The vegetable vendors at the Centenary Farmer’s Market (CFM) have appealed to the Prime Minister in regard to the recent increase in the rental and store charges by the CFM management board. The CFM board with the aim to improve the facility in the market has recently approved the revised rental fees for the vendors in accordance with the tenancy act has also approved the need to deposit a nominal security fees along with an agreement for a year.
The minister of agriculture and forestry, Lyonpo Yeshey Penjor, who is also the chairman of the CFM board said that the vendors first approached him, after which he shared the rationale behind the increase and informed that the rental fees will further improve the facilities with the vision to make the market one of the bests in the region for agricultural produce.
“However, it has now come to my knowledge that the vendors have approached the cabinet secretary to appeal further to the prime minister. The cabinet secretary has assured the vendors that the prime minister will be alerted on the matter and couldn’t arrange a meeting given Lyonchhen’s tight schedule then,” said Lyonpo Yeshey Penjor.
Bhutan Agriculture and Food Regulatory Authority (BAFRA) has been designated as the lead agency for managing the CFM by the agriculture ministry on 10th August 2009. The head of the CFM board, the Director General of BAFRA, Namgay Wangchuk said that although initially the CFM was constructed mainly for the local farmers to provide a vibrant market for their produce and uplift their lives of the farmers, the market is currently dominated by the vendors aka middleman.
“As we can see today, there are very few local farmers and more of middle-men who purchase vegetables from the local farmers at a very low rate and sell it at substantially higher rates and as envisioned by the ministry, there is no optimum benefit achieved by the local vendors. The increment in the rental and store fees is just a drop in the ocean as compared to the profits earned, and moreover, our sole purpose of increasing the fees are to strengthen the CFM management and ensure financial autonomy which will only benefit the vendors themselves,” said the DG Namgay Wangchuk.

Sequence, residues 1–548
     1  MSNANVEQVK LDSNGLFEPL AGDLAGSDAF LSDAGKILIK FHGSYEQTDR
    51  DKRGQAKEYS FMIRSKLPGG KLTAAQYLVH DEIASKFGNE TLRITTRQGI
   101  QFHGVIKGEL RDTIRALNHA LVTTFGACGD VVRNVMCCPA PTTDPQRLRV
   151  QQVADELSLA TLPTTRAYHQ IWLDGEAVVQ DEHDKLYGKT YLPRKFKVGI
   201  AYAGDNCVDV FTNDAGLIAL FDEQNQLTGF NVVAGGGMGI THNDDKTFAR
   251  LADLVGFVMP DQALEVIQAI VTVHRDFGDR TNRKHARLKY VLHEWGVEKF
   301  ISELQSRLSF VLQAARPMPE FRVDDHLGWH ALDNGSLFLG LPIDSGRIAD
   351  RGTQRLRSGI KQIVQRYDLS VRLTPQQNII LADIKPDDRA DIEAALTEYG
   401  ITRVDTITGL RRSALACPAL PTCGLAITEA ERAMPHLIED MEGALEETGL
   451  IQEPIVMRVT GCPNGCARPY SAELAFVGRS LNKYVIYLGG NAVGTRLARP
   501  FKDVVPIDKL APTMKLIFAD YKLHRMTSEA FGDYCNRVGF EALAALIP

“Some of the vendors who are making hue and cry of the situation earn enormous profit by charging exorbitant prices on the vegetables. When the prices of the vegetables keep increasing, it is not our farmers to be blamed; rather it is the middle-men who making a huge profit from this.” As per the approved rates by the board, the monthly rental fees will come to around Nu. 2080.
Namgay Wangchuk said that the nominal security deposit for a year, which comes to around Nu.6000 is only to ensure that the facilities are not mismanaged and that the vendors do no escape without paying the rental fees.
Vendors are alarmed by the increase in 25-45 percent in the rental fees, but that is just an increase of Nu. 15 or 18 in the fees, said the agriculture minister.
The agriculture minister Lyonpo Yeshey Penjor said that the revenue generated from the rental charges has been utilized judiciously as per the record.
According to the Director General of BAFRA, the management has received an order from the prime minister to defer the plan to increase the rental and storage fees until February 2019 after the closing of the parliament sessions. “Lyonchhen is expected to study the matter and decide accordingly,” said Namgay Wangchuk.